I suspect at the root of it there’s a strategic issue with the State Aid rules, indeed the whole single market. It’s all designed to serve the interests of business, more than the interests of the consumer. But of course the PR states the latter, as ever.

  9. Avatar Justin

    Why has nobody bothered to speak to AVB? From my understanding AVB is a commercial company run completely separately from AVDC – let AVB defend itself.

    I live in Granborough and I know from experience that Village Networks provides a maximum speed of 10 Mb/s download on a good day – more often than not it’s around 5 Mb/s (that’s far worst than the 30 Mb/s mentioned in this article – and I’d love to know where in Aylesbury Vale they are actually providing this speed – no where I know).

    • Avatar fastman

      Justin its a commercial company funded by public money without procurement — that’s a massive no no and that’s why the challenge has been raised its not to do with speed its about spending of public money without procurement

      had there been a procurement then a number od solution may have been raised and then chosen based on state aid rules

      can you imagine the uproar if someone else had been given that money wirhout procurement

  10. Avatar Roger Carey, Village Networks Ltd

    If Justin wanted to know where we provide an up to 30Mbps service, he could simply have asked us. We have hundreds of subscribers across the east of the Vale of Aylesbury and in the Thames Valley who receive such a service. Connections are in fact managed to provide closer to 24Mbps (while it’s OK for BT call 24Mbps superfast, BDUK require non-BT providers to deliver up to 30Mbps in order to define our service as superfast). The difference to our subscribers is not significant, but helps to conserve bandwidth. A large portion of our network is capable of delivering much higher speeds.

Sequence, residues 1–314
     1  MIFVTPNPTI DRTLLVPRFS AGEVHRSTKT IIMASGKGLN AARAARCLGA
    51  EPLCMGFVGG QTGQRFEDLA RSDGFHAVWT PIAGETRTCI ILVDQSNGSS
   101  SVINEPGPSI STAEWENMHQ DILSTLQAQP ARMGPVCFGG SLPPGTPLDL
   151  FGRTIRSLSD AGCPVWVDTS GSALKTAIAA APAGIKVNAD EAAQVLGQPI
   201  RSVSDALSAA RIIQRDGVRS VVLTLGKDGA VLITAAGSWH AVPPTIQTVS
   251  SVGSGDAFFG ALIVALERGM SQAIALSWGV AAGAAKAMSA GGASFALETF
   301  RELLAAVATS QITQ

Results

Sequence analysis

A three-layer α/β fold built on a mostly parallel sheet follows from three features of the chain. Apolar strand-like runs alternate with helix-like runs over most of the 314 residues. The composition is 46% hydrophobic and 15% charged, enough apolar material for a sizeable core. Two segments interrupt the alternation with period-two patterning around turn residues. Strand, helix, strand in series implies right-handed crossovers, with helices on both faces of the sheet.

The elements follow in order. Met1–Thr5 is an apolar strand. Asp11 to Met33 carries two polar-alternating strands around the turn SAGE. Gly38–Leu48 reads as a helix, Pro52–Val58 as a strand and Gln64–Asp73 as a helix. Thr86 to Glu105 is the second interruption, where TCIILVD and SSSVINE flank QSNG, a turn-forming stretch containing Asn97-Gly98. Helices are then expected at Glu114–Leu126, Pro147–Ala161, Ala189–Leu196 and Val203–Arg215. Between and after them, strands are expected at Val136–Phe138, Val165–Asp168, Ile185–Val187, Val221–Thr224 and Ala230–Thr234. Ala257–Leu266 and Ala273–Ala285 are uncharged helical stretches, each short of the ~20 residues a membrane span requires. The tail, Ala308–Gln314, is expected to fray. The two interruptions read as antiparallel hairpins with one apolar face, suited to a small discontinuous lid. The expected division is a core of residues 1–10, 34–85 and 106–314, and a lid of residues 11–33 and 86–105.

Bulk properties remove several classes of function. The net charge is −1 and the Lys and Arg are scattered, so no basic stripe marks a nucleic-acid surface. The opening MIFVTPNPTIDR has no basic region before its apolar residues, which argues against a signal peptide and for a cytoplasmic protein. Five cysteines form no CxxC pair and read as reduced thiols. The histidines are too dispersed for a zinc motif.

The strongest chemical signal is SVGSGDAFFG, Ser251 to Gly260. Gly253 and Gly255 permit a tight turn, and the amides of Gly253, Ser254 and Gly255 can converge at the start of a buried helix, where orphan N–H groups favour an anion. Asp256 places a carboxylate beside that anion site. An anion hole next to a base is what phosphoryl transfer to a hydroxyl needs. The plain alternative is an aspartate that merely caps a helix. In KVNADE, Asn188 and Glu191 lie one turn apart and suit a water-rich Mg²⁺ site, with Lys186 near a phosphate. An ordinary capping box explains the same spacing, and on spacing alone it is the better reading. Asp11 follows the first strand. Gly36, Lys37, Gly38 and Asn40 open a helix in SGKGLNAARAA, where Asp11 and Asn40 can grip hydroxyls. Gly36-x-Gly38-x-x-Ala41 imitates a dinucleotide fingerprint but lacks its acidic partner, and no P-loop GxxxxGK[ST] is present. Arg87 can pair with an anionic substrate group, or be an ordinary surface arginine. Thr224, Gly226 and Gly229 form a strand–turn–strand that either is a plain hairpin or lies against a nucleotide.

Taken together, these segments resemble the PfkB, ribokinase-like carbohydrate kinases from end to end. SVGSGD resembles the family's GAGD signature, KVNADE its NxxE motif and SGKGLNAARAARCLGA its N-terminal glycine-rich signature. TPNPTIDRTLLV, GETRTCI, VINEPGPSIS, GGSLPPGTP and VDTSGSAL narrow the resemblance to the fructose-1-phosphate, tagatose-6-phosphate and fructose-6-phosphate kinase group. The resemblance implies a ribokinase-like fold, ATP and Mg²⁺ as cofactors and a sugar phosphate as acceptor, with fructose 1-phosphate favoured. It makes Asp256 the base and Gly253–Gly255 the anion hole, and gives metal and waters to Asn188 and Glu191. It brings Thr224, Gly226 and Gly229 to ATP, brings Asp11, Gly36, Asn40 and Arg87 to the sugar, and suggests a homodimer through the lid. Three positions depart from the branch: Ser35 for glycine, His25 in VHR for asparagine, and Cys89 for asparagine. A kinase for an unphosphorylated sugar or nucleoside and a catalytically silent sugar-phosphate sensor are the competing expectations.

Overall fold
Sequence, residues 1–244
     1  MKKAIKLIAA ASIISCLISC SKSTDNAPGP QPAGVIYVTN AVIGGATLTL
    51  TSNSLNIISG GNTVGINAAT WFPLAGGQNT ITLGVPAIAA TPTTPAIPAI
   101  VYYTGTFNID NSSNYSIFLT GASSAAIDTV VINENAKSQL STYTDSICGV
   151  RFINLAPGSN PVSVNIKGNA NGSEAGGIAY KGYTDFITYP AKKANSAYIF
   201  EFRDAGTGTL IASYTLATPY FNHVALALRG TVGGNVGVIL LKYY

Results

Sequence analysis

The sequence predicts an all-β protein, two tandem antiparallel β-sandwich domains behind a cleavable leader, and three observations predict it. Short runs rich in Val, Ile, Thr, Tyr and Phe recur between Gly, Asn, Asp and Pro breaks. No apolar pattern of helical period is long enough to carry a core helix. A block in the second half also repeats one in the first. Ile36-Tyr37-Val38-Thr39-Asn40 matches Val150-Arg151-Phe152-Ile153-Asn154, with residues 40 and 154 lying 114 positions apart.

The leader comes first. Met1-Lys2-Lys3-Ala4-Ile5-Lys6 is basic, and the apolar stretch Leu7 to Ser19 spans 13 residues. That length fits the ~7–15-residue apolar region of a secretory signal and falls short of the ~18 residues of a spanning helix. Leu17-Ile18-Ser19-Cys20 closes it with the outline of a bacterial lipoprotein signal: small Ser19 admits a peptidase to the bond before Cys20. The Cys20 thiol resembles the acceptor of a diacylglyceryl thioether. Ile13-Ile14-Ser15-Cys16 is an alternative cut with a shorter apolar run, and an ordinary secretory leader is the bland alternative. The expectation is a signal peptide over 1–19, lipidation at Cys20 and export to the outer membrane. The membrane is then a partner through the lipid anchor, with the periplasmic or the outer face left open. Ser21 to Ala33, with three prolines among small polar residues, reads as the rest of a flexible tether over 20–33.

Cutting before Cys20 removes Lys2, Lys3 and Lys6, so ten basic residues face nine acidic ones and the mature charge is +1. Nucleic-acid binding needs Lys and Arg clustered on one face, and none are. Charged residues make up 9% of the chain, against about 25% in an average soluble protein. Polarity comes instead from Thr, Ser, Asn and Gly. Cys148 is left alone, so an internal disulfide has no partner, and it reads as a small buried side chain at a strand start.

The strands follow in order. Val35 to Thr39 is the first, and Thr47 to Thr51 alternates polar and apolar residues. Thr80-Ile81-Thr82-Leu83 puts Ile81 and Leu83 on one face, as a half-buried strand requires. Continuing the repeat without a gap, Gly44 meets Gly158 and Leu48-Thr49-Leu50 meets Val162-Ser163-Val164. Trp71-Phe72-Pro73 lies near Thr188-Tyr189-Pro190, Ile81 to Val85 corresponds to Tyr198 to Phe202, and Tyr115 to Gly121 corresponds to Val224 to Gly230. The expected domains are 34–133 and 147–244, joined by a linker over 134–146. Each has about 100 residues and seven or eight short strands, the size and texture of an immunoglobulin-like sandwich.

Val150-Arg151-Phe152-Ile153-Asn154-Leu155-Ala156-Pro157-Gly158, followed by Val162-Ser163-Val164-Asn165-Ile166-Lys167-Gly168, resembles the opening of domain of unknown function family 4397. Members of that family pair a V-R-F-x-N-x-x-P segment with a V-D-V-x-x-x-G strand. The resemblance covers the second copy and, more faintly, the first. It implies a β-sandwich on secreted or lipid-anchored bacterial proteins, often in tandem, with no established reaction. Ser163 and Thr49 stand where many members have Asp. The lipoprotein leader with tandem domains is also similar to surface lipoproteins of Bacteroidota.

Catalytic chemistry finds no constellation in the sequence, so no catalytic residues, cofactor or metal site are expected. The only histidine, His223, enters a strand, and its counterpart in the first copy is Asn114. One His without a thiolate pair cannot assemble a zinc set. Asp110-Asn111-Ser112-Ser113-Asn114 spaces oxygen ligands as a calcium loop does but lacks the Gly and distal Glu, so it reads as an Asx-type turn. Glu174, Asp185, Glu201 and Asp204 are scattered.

We are steadily rolling out our unlimited superfast service across the west and north of Bucks. We could do it faster, but we’re doing it on our own money. In this territory, amongst BT and Openreach, Gigaclear and AVB, that self-funding makes us unique. I don’t know where Justin gained his previous experience of our service, but it could well have been in earlier times, or other parts of our network. We started at 2Mbps in 2003 and have worked to keep pace with demand for faster speeds ever since.

    Justin gives the impression that we provide a service in Granborough. We don’t. We could have been connecting both Granborough or North Marston at up to 30Mbps a year or more ago, but we were asked to suspend our plans to do that. We thought we were doing the right thing by complying with that request.

    Justin is also wrong in suggesting that AVB is completely separate from the District Council. It’s 95% owned by the Council, two of the directors are District Councillors, and one is a council officer (that’s three out of four), so the degrees of separation are somewhat less than six.

    Village Networks’ position is simple. We’re committed to the fastest possible rollout of superfast broadband to the largest possible number of premises across the Vale of Aylesbury, and other areas. Most important, we don’t believe that any one solution, or any one organisation is capable of achieving that end (and yes, we use our own fibre, too). We’re more than happy to work alongside any other like-minded providers in a team effort to get there. There’s more than enough work for everyone to get on with.

    We’re disappointed that such a view isn’t more widely shared. Our offers to contribute in any way at all to AVDC’s objectives have gone entirely unacknowledged. AVB continues a visible and active negative campaign against wireless. In terms of accelerating the rollout of vital rural broadband, other than working for its own commercial ambitions, AVDC’s conduct seems nothing more than counterproductive. None of this makes any sense to us.

    Against that background, our complaint to the Council is a reluctant but necessary marker of our position, in terms of protecting our business, our employees and, most important, our subscribers.